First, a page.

An answer to the first question came to me several days ago, as I studied the background details of an 1863 photograph of Fredericksburg, an image now in the collection of the Western Reserve Historical Society and made by a Northern photographer positioned on the opposite bank of the Rappahannock. Depicting much of the same section of the Bloody Plain from the other direction, the Western Reserve photograph shows a whitish line bisecting a darker zone and terminating at Mercer Street, just east of the Innis House and just west of the Stratton House. From all appearances, the darker zone is a field of either recent cultivation or composition distinguishing it from the lighter colored fields on either side.
Due to copyright considerations, I cannot post the Western Reserve photograph at this time, but here’s a public-domain view, from the Library of Congress collection, of the same area of the Bloody Plain and also taken from the opposite bank of the Rappahannock in 1863. The Library of Congress photograph is grainy but still sufficient to show the two dark zones, merged together as a narrow band since the photograph lacks the resolution to show the white line visible in the Western Reserve image:
Because of the Western Reserve photograph, supported by the Library of Congress photograph of similar vintage, I now realize that my “line” is straight because it’s likely a road on or near the right-of-way of modern Willis Street. More obviously, my straight line through a narrow, dark field predates the May 1864 burials by a year.
The photographs prompting my correction raise at least one mystery directly, and a second indirectly. Where at the foot of the heights, then, was the “long trench” containing the Federal soldiers who died in 1864? It may still lie within the area depicted in the May 1864 image, although not at the location I originally supposed. It may have been dug the night or morning after the photograph was taken. And what is the low, structural shape visible in the Library of Congress image, just to the left of the Stephens House complex? (The shape also appears in the Western Reserve image.) A large tent or other type of temporary shelter? No antebellum structures are known to have existed at that location.
(Note also the proximity of the cluster of barns and other buildings on the lower slope of the Brompton/Marye House property, opposite the Innis House on the Stone Wall-bordered Sunken Road. As many times as I’ve led walking tours past the Innis House, it’s hard to imagine that cottage being on the fringe of what was almost a mini-hamlet composed of it and the lower buildings of Brompton, but the photograph indicates that such was indeed the case.)
More broadly, my historical error regarding the burial trench exemplifies challenges of revision and dissemination. How quickly and by what means do we incorporate new information or better-supported conclusions into existing historical interpretation? Do other writers and researchers share my persistent sense of driving a new car off the lot and straight into a process of depreciation?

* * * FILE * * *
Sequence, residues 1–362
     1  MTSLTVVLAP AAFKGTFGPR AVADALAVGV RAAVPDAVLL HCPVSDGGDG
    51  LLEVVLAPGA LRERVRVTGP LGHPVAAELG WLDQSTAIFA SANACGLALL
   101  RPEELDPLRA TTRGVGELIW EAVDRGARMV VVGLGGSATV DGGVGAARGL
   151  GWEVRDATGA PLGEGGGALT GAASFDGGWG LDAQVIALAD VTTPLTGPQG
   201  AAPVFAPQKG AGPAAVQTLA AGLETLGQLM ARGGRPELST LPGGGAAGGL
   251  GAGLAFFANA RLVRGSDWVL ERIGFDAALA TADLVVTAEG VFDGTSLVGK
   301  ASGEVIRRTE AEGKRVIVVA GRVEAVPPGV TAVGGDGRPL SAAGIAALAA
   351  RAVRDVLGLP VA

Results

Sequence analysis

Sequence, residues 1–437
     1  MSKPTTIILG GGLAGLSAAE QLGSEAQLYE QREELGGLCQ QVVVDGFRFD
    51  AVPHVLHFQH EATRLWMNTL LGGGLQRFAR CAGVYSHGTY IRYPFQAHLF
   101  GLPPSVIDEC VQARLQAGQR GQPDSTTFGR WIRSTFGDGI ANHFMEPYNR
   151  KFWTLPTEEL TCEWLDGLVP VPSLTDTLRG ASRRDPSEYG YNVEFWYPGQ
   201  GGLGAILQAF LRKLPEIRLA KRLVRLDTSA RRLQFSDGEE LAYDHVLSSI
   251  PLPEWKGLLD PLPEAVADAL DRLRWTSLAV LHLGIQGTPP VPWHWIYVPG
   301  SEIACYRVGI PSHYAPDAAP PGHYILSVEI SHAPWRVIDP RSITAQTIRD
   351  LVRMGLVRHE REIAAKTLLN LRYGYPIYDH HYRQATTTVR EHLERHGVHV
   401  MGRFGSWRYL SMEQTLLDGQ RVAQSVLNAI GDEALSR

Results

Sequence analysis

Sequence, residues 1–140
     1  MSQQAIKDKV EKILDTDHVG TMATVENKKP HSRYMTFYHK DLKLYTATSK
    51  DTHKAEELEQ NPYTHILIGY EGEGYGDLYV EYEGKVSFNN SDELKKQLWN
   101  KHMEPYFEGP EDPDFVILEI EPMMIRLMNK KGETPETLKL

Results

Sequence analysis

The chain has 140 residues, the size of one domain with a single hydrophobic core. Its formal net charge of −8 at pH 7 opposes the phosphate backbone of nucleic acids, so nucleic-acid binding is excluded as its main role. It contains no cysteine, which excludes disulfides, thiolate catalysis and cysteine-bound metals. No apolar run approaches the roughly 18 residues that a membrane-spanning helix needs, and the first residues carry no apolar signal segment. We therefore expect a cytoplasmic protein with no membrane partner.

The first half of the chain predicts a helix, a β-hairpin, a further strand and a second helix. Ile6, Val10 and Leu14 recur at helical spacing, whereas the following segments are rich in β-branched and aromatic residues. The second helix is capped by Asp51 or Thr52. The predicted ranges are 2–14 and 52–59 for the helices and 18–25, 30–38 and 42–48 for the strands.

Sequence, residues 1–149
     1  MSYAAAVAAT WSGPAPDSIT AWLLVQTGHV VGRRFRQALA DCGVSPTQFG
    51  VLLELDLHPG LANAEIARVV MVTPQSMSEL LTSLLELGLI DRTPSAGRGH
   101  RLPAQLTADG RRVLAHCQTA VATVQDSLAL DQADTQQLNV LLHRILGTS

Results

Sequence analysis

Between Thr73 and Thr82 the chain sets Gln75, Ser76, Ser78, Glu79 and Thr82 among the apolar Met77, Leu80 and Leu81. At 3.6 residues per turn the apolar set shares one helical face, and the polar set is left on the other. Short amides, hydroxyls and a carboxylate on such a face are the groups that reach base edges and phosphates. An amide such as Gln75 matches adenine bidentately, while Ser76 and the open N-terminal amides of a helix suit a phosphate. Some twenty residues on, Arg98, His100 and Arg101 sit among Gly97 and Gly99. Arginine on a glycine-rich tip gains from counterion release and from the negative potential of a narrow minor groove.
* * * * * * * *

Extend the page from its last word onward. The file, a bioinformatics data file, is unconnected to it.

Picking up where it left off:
At the low-tech or more traditional end of the media spectrum, park rangers and other tour guides can simply add or subtract information from their verbal presentations, while the discussions we publish in books and magazines can revise one another, or revise themselves in subsequent editions. At the other end of the spectrum, Virtual Fredericksburg, podcasts, and blogs offer vehicles for quick correction and revision, as this blog-post demonstrates. Yet this post is unlikely to reach all of those who may have read my now-erroneous conclusions about the burial trench of 1864. While that feature, wherever its actual location, was far from the Bloody Plain’s most significant landscape element, and is not discussed on any extant signage today (or, to my knowledge, in any regularly occurring presentations by rangers or tour guides), I still feel an obligation to “get my story right”—to revise and correct it in as practical a manner as possible.
In updating information about historical stories and resources that possess greater significance than my trench, and are discussed on signage, the National Park Service risks a proliferation of markers, monuments, and other outdoor devices, some of which may have already acquired significance of their own regardless of historical accuracy as we now judge it.
So besides the media listed above, what revision-friendly methods of interpretation might you propose? Are, say, outdoor signs of the waist-high design common in parks today, but that use the technology of programmable, electronic billboards, within the realm of foreseeable possibility? Particular technologies aside, to what degree should we signal the likelihood of future revision by including caveats along with our stories, and at what point do caveats diminish the ideal momentum and clarity of compelling narrative? To what extent could we leave revision to “the consumer,” by offering side-by-side presentations of conflicting but equally well argued and supported historical interpretations, or of alternative possible solutions to enduring mysteries? Yet how much “choice” and uncertainty is reasonable—digestible—when the typical visitor possesses a very limited amount of time for touring an historic site?
Noel G. Harrison